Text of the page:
There is another sense, however, that may be more important where economics is worthless. Rather than look at macroeconomic issues, let's focus on the individual and how decisions are made. Consider the business executive who has an MBA. How does that person make decisions? According to Warren Bennis and James O'Toole in an article in the Harvard Business Review, the B-schools have lost their way because they teach what their faculty research (aka economics) and this has no practical relevance to the real world realm of decision making. The economic model is based on decision making under uncertainty where the model is well defined and a good Bayesian decision maker (somebody well versed in the theory of statistics and decision making) has a subjective probability distribution on which to base the choice calculation. But in reality the situation itself is ambiguous and ill formed. It is not clear what model to apply. And there is little or no data to base the decision on. There is only anecdote.
That post was 5 years ago. There is frustration evident in what I said, but I was talking from the vantage of decision maker. As a teacher I want to be more helpful in tone. I think that means being honest with students. In turn, that means even the most basic of economic concepts – opportunity cost – is fraught with imprecision in its application in the real world because of the inherent uncertainty. So I wrote an essay, What If Analysis, to discuss the issues as framed as an economist would. In particular, this second chunk of the essay discusses procurement via an RFP. Again, it is not the sort of thing that is typical of an intermediate microeconomics course, but to me it seems an essential part of the discussion, to make it real.
Then, too, in the teaching I have done at the undergraduate level over the last 10 years, making it real has been very well received by the students. So I’ve also got my own experimentation with teaching in other classes to buttress my views. Over time, I’ve learned to trust my instincts in these matters. And if I were doing this just for myself, that’s exactly what I’d do. But I’m supposed to be developing a general model for blended and totally online Econ courses, a model that would be readily adopted by other instructors here. Those other instructors don’t feel the imperatives that the course content should change. Going online is therefore conceptualized as a change in mode with invariant topic coverage. Should I accommodate that conception or combat it? I associate the title of this post with the accommodation point of view.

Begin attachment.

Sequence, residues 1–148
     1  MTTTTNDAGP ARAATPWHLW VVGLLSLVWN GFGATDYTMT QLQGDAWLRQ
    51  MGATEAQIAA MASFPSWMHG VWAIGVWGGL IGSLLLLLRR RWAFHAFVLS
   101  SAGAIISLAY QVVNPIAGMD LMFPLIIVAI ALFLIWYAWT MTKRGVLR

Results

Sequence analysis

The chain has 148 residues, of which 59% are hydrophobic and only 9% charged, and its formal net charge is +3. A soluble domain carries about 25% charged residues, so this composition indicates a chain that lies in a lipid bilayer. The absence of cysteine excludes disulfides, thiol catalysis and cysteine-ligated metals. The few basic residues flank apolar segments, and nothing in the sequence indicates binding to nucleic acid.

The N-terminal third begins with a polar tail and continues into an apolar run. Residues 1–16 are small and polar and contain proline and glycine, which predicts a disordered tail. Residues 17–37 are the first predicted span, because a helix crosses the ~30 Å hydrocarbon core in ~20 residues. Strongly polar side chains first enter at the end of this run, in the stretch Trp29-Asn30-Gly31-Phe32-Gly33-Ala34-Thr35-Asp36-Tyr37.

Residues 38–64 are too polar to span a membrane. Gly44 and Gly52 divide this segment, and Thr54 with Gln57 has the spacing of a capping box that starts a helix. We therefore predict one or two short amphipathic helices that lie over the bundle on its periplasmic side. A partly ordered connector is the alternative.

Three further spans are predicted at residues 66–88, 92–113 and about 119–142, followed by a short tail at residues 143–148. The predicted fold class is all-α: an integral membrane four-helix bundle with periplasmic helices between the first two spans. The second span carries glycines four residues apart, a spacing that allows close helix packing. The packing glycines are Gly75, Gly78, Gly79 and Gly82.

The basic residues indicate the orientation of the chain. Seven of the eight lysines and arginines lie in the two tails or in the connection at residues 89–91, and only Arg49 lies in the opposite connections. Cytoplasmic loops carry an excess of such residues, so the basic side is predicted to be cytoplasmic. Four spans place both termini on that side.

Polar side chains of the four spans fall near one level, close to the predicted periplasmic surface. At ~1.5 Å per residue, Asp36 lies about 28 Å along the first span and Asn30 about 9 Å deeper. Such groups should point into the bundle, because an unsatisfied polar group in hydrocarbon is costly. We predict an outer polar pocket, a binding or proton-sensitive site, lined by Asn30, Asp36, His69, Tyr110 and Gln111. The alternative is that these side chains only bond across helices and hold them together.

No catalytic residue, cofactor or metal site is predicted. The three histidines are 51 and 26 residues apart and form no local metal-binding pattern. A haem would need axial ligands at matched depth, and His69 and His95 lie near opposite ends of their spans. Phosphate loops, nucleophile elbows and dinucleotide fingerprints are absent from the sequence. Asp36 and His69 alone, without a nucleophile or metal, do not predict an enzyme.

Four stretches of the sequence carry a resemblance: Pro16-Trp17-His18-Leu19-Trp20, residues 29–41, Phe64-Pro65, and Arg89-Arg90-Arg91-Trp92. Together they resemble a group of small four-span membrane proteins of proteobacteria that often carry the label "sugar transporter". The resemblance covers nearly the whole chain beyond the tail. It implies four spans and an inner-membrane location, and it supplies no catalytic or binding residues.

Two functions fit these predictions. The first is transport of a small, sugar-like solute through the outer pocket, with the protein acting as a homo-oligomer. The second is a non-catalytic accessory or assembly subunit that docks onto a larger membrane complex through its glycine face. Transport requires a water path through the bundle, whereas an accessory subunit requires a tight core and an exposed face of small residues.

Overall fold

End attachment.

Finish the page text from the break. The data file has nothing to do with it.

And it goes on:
There are other forces in place that reinforce the static nature of core course topic coverage. The textbook is one of those, a very important factor especially when instructors teach to the book. Recently I wrote a post that argued we should get rid of the textbook, but there the argument was mainly about pedagogy; topic coverage was only a minor factor in the piece, though it did mention the tying of the subject to the real world as a critical piece of the course, something that a textbook approach can block.
The technology, too, can serve as a conserving force, even if we’re used to thinking about the technology changing rapidly and struggling to keep up with it. This is particularly true because there is substantial effort in producing content, both presentation and assessment, and having produced it once, there is a sensible tendency to leverage that prior effort. That doesn’t logically preclude ongoing revision and tweaking, but as a matter of practice such ongoing revision rarely if ever happens. Teaching then is mainly a painting by the numbers exercise. Once that has happened, it’s all over but the crying.
Further, the content that was produced tends to be flat. PowerPoint is seen as a villain but it is not just presentation content that is flat (and it isn’t that newer presentation technologies such as Prezi solve the problem, which is that reinvention isn’t built into the process). Assessments too can be quite flat and that is very disappointing. In the 1990s we talked about simulation content as important. But people don’t talk about that much anymore. Simulations are difficult to build and costly to maintain, but potentially are much more educative than the content we are mainly getting now. K-12 potentially could lead in this area and math is the obvious subject for that to happen. But there would have to be some vision and agreement on what makes for a good simulation (I like this one for its simplicity) and then some way to produce them at scale. There is so much lock in to textbooks in K-12 (where perhaps they still should be kept) that it is hard to see this happening. In the remedial market maybe, not the regular first pass through the stuff approach.
I’m quite frightened about current efforts in moving courses online, particularly the Next Generation Learning Challenges of the Gates Foundation, because there is a big chunk of non-recurrent funding being doled out and reinvention of the content on an ongoing basis doesn’t seem to be part of the design criteria for potential grantees. So it is possible for this to produce a frenzy of activity followed by substantial lock in and stasis.
We’ve been to that movie before and it is painful to watch. It doesn’t get better in the reruns.